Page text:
Many patients with cancer will wish to travel by air for a variety of reasons, and this should be possible in most cases. The patient should be as stable as possible following any treatment for cancer or its complications. Severe or symptomatic anaemia and metabolic disturbances should be corrected, and pleural effusions drained prior to travel. A doctor's letter will be required for patients taking controlled drugs, and the patient should consult the statutory governmental authorities about local controlled drug importation rules. Patients with recent major haemoptysis should not fly.
Hyperventilation and dysfunctional breathing
Acute anxiety and panic are not infrequent medical emergencies in air travel, and differentiation between panic-associated hyperventilation and a cardiorespiratory crisis can be difficult for air staff. For patients with a history of dysfunctional breathing or panic, appropriate psychological or psychiatric assessment is advisable. Breathing modification exercises and/or medication can be beneficial and should be considered before travel. Re-breathing techniques may be used on board for acute hyperventilation, and short-term use of rapidly acting anxiolytics may be helpful.
Obstructive sleep apnoea
Obstructive sleep apnoea is not a contraindication to air travel, but a doctor's letter is required outlining the diagnosis and the necessary equipment which will need to be taken as hand luggage. A useful fact sheet is available at http://www.sleepapnea.org/. Portable continuous positive airways pressure devices are available for travellers. The device used must be able to function on board (using dry cell batteries) and at the patient's destination. Liaison with the airline before the flight is needed.
Cardiac and pulmonary conditions frequently co-exist, and significant falls in oxygenation on commercial flights may worsen cardiac disease. Hypoxia induces pulmonary vasoconstriction which may increase pulmonary artery pressure in patients with pulmonary hypertension. Hypoxaemia induces systemic vasodilation, reducing systemic vascular resistance, but atherosclerotic coronary arteries may constrict in response to sympathetic activation.24,25 Clinically evident myocardial ischaemia is unlikely to develop at commercial aircraft pressures,26 and most passengers will not experience a change in threshold for ischaemic symptoms. The British Cardiac Society has published recommendations for patients with cardiac disease.27 However, as respiratory and cardiac conditions frequently co-exist, respiratory physicians are often consulted about cardiac disease and the BTS has therefore retained a section on cardiac conditions in their latest recommendations. They advise particular caution in patients with co-existing disease.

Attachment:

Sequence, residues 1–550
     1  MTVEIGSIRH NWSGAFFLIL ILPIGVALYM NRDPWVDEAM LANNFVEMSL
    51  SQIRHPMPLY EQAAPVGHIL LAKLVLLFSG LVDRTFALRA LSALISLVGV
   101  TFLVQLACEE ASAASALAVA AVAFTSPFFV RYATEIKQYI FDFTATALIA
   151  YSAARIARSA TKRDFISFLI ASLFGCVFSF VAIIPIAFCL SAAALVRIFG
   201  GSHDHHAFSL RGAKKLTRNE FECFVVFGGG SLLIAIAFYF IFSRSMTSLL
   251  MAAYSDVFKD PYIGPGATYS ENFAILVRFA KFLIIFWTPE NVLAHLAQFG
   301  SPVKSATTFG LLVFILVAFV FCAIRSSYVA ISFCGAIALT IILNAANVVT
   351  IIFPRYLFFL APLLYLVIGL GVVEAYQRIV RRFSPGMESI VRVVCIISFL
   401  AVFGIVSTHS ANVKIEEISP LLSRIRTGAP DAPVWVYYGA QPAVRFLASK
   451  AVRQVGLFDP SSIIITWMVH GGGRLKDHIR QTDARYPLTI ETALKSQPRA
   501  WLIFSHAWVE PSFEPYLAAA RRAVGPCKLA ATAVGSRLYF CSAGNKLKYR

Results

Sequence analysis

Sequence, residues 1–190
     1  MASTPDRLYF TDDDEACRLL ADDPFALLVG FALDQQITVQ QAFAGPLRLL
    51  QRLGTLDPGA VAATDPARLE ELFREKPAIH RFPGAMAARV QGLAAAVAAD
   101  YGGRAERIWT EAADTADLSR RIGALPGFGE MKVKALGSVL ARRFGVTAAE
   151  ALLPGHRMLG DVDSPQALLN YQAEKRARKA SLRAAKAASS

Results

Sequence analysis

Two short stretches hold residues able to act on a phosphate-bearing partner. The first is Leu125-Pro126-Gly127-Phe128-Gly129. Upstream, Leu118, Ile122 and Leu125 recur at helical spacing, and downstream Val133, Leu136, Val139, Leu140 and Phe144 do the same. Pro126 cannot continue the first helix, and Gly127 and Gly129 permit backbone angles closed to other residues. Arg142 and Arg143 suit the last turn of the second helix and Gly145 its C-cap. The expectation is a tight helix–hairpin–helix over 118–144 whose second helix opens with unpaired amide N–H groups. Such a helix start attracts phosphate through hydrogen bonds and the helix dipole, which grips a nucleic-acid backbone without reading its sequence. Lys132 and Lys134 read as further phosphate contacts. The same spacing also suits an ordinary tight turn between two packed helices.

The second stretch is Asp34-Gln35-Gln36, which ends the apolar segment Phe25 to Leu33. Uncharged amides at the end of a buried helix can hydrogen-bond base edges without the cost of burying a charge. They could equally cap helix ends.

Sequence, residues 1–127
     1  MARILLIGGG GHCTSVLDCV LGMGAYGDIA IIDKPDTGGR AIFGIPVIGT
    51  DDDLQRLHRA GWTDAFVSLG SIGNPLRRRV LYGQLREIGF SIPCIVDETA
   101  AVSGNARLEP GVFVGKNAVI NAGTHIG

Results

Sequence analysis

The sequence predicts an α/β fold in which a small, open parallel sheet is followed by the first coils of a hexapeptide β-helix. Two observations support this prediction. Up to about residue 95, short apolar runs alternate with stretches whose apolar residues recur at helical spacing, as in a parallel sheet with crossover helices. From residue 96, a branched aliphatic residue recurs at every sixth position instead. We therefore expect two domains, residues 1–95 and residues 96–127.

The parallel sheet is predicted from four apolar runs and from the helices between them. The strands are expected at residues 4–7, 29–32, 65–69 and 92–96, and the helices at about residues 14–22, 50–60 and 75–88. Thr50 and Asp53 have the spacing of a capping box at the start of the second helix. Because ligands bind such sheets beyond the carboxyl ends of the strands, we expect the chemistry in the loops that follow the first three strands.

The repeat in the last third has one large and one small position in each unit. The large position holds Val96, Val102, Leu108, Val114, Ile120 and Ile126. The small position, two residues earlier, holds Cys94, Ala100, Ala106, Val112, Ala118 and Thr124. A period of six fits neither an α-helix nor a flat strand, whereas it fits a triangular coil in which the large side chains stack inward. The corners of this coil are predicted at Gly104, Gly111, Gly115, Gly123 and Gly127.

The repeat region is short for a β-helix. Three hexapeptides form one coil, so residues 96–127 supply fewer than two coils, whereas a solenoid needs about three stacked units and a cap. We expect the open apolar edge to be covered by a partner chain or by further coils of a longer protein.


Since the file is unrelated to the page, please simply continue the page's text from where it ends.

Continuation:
Patients with mild and stable angina should be able to fly safely. Those with Canadian Cardiovascular Society (CCS) functional class IV angina (chest pain at rest or a recent change in symptoms and/or medication) should defer travel until stable. Patients with New York Heart Association (NYHA) functional class IV heart failure (severe limitation with symptoms at rest) should not fly unless essential. If air travel cannot be avoided, in-flight oxygen is required. Specialist advice should be sought for patients with pulmonary hypertension. Pulse oximetry may be helpful in identifying those with hypoxaemia.
Venous thromboembolism (VTE) prevention for flights more than 8 hrs or multiple shorter flights over a short period
GPs are frequently asked for advice on the prevention of venous thromboembolism (VTE) in air travel. There is no evidence to support aspirin prophylaxis. There is evidence of reduced risk if patients occupy an aisle seat with greater leg room. Patients can be advised according to risk:
Low VTE risk: all patients not in categories below:
Avoid excess alcohol and caffeine-containing drinks, remain mobile and exercise during the flight.
Moderate risk for VTE: family history, past history of VTE with identifiable cause, thrombophilia, pulmonary arteriovenous malformations (PAVM), obesity (body mass index >30kg/m2), height >1.9m or <1.6m, significant medical illness in previous six weeks, cardiac disease, immobility, pregnancy or oestrogen therapy (hormone replacement therapy or combined oral contraceptive pill) and postnatal (within two weeks of delivery)
In addition to the above advice, wear below-knee compression stockings, avoid sedatives, and avoid sleeping for prolonged periods in abnormal positions (stockings may increase risk of superficial thrombophlebitis in patients with varicose veins).
High risk for VTE: past history of idiopathic VTE (or patients with PAVM with a history of previous VTE or embolic stroke), within six weeks of major surgery or trauma, in patients with active malignancy
In addition to the above advice, consider a pre-flight prophylactic dose of low molecular weight heparin or formal anticoagulation (INR 2–3).
Patients who have had a VTE should not fly for four weeks or until the proximal deep vein thrombosis has been treated and symptoms resolved.
This summary of the BTS Air Travel Working Group provides guidance for primary care professionals when advising and assessing patients with respiratory disease who are contemplating air travel. In particular, it considers when to refer patients to secondary care for further assessment, including HCT which reliably identifies patients needing supplementary oxygen.28
Handling editor Hilary Pinnock
We would like to thank all the members of the BTS Air Travel Working Group (S Ahmedzai, I M Balfour-Lynn, T Bewick, R Buchdahl, R K Coker (chair), A R Cummin, D P Gradwell, L Howard, J A Innes, A O C Johnson, E Lim, Wei Shen Lim, K P McKinlay, M R Partridge, M Popplestone, A Pozniak, A Robson, C L Shovlin, D Shrikrishna, A Simonds, P Tait, M Thomas) and the BTS Standards of Care Committee. We also thank Dinesh Shrikrishna for use of the algorithm in Figure 1.
Funding The authors received no external funding for this work.